Everyone has been there – you’re on a trip to a theme park and a certain ride you’ve been looking forward to is down for maintenance. Or you’re staying at a hotel and your kids head excitedly down to the swimming pool only to find it closed for repairs or cleaning. For customers, this can be very frustrating.
As a maintenance or facility manager, if your facility caters to members of the public, you understand “both sides of the story.” Whether it’s a hotel pool, or a golf course feature, or a high school running track, when parts of your facility are closed for maintenance you understand the unhappiness customers might be feeling. But, you also know that maintenance is necessary to ensure everything stays up and running safely and effectively.
Best Strategies for Dealing with Maintenance Downtime
While there usually isn’t anything you can do to avoid maintenance downtime for your equipment and assets, there are some strategies you can employ to make sure the downtime has a minimal impact on customers. Here are 3 of our best strategies for how to deal with maintenance downtime:
Choose Your Time Wisely
Try to schedule your maintenance downtime for the time when it will have the least impact on everyone. Before closing the hotel pool, for example, look into when it’s the most and least busy. This includes time of day and which days in a month or season.
As well, you should look into when the maintenance department or team will have the most time available to focus on these particular repairs. Your maintenance downtime can be minimized if you choose a time when your technicians will be able to focus on the project without interruption. A good maintenance management program can help you determine this.
Announce Ahead of Time
Always give your customers plenty of notice before starting any maintenance downtime. If your apartment laundry room is going to be out of service for a day, leave all tenants a notice of the plan many days in advance to avoid any complaints from the inconvenience.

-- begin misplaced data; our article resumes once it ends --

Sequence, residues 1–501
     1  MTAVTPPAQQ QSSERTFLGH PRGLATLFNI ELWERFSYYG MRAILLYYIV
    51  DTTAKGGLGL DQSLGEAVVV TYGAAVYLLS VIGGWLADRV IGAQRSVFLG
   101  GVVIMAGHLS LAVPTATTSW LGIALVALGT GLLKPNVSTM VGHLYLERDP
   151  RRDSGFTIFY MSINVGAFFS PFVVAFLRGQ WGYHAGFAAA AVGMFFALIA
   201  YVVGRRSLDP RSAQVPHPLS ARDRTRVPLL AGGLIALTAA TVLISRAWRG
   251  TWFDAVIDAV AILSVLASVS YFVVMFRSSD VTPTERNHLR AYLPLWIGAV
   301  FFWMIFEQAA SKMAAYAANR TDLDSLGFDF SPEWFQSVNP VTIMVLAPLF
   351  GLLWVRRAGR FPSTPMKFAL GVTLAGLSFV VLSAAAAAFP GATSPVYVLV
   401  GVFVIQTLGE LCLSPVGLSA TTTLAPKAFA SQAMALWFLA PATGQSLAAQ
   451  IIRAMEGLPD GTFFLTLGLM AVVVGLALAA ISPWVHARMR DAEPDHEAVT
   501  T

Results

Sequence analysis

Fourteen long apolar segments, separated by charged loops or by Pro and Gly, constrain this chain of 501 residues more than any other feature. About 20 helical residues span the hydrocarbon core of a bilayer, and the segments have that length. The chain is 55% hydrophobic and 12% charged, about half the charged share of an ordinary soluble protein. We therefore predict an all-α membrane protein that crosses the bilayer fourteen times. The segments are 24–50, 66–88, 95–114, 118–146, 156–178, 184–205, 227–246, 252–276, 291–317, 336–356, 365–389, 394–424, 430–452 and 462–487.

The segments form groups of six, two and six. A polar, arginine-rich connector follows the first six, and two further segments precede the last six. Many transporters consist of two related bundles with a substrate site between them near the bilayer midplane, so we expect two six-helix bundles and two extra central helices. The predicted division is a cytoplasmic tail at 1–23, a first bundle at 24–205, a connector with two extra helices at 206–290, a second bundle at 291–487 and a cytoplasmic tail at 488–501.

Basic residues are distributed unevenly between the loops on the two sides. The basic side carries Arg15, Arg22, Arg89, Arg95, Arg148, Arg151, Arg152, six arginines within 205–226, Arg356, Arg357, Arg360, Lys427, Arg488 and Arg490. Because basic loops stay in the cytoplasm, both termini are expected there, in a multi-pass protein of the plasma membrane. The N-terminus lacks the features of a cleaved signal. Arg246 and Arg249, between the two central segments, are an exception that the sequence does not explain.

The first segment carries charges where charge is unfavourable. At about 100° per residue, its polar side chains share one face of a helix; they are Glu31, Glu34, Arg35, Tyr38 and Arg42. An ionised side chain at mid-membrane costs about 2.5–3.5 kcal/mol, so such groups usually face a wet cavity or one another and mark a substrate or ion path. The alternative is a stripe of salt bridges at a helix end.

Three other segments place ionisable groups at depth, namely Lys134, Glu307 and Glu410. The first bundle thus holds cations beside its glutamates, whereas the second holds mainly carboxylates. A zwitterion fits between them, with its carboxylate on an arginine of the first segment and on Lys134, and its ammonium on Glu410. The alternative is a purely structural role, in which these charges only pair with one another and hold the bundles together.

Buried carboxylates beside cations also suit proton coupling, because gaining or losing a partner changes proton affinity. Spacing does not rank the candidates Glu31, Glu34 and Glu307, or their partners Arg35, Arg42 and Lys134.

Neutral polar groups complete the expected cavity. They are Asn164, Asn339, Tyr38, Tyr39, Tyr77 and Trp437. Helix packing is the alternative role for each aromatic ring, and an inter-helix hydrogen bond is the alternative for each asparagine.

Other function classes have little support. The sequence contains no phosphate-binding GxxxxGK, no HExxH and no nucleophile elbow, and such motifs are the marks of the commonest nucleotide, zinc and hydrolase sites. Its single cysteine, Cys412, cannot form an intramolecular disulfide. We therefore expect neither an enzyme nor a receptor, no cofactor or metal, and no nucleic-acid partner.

If your facility is open to the public, like a hotel or recreation facility, post any plans for maintenance downtime of features or equipment on your website and at the reception. You want to make sure all potential customers have warning of the downtime so they won’t be disappointed or can make other plans.
Use a CMMS
The best way to deal with maintenance downtime is to follow the above two steps and have the best possible plan for ensuring minimal impact. But how do you ensure you have the best possible plan?
The answer is to use a CMMS. With maintenance management software in place, you can schedule and deal with maintenance downtime in a much more effective way than if you trying to plan it all on paper. You’ll not only be able to track the lifecycle and repair history of the asset itself, you’ll also know when your technicians are most available and the time they’re spending on the project/task.
With a CMMS in place, you’ll be able to properly plan for and schedule maintenance downtime because you’ll just have a better overall knowledge of the maintenance activities going on in your facility.
Using CMMS to Plan for Maintenance Downtime
When it comes to how to handle maintenance downtime, as a manager, you have to realize that you won’t be able to make everyone happy. There will always be a customer (or potential customer) who is negatively impacted by the downtime. But, with the proper maintenance management software and plan in place you can become an expert at scheduling maintenance downtime to minimize the impact.
If you’re interested in how our CMMS can help, you’re probably interested getting a free, live demo of our software. Or, if you already know you want to jump right in and start using the software you can check out our three editions here.